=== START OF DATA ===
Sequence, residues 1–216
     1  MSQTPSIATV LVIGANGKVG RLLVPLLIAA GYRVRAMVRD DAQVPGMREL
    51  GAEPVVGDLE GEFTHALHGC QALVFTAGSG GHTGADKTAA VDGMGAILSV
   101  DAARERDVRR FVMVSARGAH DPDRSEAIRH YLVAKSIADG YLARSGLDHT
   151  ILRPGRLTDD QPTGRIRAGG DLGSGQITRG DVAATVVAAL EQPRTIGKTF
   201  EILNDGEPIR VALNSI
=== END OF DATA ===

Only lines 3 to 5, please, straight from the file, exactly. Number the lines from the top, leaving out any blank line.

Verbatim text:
    51  GAEPVVGDLE GEFTHALHGC QALVFTAGSG GHTGADKTAA VDGMGAILSV
   101  DAARERDVRR FVMVSARGAH DPDRSEAIRH YLVAKSIADG YLARSGLDHT
   151  ILRPGRLTDD QPTGRIRAGG DLGSGQITRG DVAATVVAAL EQPRTIGKTF